The Poetry Room at the Oxford Union is the sort of place that gives rise to the most clichéd of questions, predictably asked by the Daily Mail journalist in attendance: ‘As a young boy growing up in the Netherlands…did you ever imagine that one day…you might be in this room’ ad nauseam. One questions if any young Dutch man has ever imagined himself being in the poetry room of the Oxford Union, but it gives rise to an obvious point: van der Sar has been around for an outrageously long time, with his recent appointment as Ajax’s marketing director allowing his career, which began as a youth goalkeeper at the same club, to come full circle.
Indeed, maybe there’s no better placed player to comment on English football from a European perspective than van der Sar: find me another player who has shared a dressing room with both Marc Overmars and Collins John, a man who holds a cherished place in the upper echelon of football chants (‘he’s big, he’s fast, his first name should come last’). For an interview that lasts 15 minutes, under the watchful eye of a Dutch media guru, an extraordinary breadth of topics is covered, somewhat down to the fact he exemplifies that annoying continental trend of speaking better English than most of the national team.
Surprisingly, the main topic of discussion arising from van der Sar’s interview has been whether Wayne Rooney should take up yoga, mainly arising from that journalistic cesspit that is givemesport.com et al (You’ll never believe what this Chelsea player said about this teammate!). But this sort of sidebar-of-shame fodder belies Van der Sar’s genuinely nuanced analysis about the state of modern football; he also said that he could never imagine doing said yoga, in case anyone was interested. He points out that the rise of Chinese football is simply a hyper-globalised version of what existed previously – from a player whose career has spanned the epoch of Frank de Boer playing for a relative penance to Raheem Sterling being payed six figures a week, money will always be a fundamental motivating factor for players. Van der Sar notes that in his capacity as marketing director he liaises with three Chinese companies over Ajax sponsorship, but whilst this Far East involvement is new, the general principle is the same – money is the axis which the modern football world spins around.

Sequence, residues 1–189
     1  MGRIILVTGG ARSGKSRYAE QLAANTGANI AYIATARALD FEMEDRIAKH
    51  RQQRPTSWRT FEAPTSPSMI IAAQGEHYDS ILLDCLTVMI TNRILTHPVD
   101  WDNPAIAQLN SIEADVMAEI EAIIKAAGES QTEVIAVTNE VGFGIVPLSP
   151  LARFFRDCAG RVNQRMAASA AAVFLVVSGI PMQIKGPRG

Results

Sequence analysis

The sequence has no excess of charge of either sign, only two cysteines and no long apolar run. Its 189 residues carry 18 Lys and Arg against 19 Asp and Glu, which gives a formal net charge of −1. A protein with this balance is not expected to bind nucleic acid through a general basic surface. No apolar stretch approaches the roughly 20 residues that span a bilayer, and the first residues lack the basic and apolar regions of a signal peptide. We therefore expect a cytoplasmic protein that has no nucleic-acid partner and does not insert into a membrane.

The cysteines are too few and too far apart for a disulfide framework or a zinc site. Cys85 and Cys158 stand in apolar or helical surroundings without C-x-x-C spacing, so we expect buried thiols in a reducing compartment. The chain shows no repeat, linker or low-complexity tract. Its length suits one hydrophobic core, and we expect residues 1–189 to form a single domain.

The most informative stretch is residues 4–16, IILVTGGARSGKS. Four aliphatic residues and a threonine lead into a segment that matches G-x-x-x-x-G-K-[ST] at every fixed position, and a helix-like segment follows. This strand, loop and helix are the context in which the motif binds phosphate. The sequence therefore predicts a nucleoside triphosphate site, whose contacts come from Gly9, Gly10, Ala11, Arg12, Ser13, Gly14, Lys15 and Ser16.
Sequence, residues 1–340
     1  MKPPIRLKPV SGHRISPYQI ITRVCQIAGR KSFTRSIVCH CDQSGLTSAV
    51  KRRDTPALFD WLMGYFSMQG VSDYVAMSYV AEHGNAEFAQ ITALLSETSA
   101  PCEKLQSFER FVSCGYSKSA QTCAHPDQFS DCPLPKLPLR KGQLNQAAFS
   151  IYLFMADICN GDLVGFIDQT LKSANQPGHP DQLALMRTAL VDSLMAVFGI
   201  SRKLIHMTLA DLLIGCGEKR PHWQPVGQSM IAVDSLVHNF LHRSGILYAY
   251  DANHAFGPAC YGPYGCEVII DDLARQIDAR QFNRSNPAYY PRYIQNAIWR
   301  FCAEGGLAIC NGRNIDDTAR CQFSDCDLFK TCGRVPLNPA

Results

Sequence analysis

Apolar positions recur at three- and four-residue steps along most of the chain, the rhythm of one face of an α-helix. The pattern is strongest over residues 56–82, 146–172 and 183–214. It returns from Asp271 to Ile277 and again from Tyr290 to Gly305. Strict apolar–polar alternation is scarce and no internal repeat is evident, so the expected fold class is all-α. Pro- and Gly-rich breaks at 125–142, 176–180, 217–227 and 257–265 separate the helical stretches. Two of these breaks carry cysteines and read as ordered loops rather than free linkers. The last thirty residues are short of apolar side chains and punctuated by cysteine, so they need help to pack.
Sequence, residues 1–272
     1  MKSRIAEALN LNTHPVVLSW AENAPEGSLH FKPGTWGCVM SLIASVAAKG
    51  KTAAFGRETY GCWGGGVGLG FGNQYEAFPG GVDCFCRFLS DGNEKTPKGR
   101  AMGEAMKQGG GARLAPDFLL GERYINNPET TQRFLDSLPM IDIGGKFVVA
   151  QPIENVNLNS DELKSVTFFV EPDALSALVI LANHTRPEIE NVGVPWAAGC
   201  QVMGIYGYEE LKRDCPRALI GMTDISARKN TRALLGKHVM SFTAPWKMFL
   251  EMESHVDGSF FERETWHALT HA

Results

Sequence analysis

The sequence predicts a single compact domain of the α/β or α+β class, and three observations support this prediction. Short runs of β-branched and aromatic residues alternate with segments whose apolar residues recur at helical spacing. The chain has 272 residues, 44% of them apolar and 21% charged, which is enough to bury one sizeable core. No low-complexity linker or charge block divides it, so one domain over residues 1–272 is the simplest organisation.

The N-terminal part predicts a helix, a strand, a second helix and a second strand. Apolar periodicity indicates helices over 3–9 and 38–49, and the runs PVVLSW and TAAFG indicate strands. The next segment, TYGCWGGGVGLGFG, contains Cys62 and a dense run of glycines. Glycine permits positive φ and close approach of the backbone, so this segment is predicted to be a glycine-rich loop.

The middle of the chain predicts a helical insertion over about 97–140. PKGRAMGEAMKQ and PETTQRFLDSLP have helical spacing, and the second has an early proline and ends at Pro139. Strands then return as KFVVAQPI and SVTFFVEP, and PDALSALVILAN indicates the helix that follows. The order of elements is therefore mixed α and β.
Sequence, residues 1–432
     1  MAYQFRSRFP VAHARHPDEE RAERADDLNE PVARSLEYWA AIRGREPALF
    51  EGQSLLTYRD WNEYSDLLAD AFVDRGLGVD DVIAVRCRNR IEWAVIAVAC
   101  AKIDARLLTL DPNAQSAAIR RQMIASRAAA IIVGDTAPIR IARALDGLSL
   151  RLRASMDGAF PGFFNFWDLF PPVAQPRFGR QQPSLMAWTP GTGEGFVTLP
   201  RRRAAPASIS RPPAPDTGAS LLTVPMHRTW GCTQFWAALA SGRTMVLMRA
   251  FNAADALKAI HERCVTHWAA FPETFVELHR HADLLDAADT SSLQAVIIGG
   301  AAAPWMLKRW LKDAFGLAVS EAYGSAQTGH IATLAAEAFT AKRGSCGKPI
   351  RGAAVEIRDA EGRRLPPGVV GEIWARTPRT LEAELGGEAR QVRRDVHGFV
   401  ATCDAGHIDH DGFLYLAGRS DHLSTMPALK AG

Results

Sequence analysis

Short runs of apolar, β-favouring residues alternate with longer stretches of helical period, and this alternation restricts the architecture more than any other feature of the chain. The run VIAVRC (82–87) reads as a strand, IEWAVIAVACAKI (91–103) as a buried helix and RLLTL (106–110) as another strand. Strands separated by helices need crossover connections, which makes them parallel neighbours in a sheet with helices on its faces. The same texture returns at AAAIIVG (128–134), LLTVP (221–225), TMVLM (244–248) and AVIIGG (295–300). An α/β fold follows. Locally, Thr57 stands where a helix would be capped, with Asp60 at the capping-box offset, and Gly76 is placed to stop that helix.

On the subject of the globalised game, what for the prospects of a European Super League? Van der Sar is noticeably coy on the matter, but assures us that there is a place for Ajax in this league, a questionable assertion for a club that came 2nd in the Eredivisie last year, to a PSV team featuring Luuk de Jong as their captain (actually even worse than his brother) . Most conversation however, perhaps understandably, is Manchester United-based, with van der Sar having just before described the irreparably doomed Louis van Gaal as ‘the best coach he’d ever played under.’
Is it possible then, to reconcile his emotional attachments to both van Gaal and United? Van der Sar points out that the same trust in youth that saw van Gaal give him his first appearance is still the focus of the manager’s mentality: the emergence of Marcus Rashford (accompanied by the obligatory ‘get him on the plane!’ tweets) is evidence of this. Does, therefore, Van der Sar see some of himself in Rashford? Aside from the difficulties of comparing a Dutch goalkeeper and an English striker, which appear to not have been apparent to that particular journalist, there is a broader implied point to what van der Sar says – perhaps once removed from the constraints of the all-pervasive short-termism in football, van Gaal’s reign will be vindicated in the long run. For all of van der Sar’s clearly genuine loyalty to van Gaal and understandable reticence to try and predict the future, not even he denies the prospect of the Mourinho travelling circus making the journey up the M1 this summer.
On domestic matters, Van der Sar’s ability to contrast the Dutch and English coaching systems allows us to look at the general malaise within English football – after all, there’s nothing an English football fan loves more than looking at the general malaise within English football. Coming back to Rooney, he notes the tendency for players to be rushed back from injury at times of club or national crisis, leading to the proverbial ‘burn-out’ where a player simply cannot sustain his level of performance, yoga or no yoga. But as he notes in conclusion, he himself is an exemplification of the constantly expanding avenues for a former professional to explore: coaching is no longer the sole career path for retired professionals – punditry, business, or one could even follow the route of former CSKA star Vagner Love, and release commercially available adult movies. Maybe he too will one day find himself in the Poetry Room of the Oxford Union.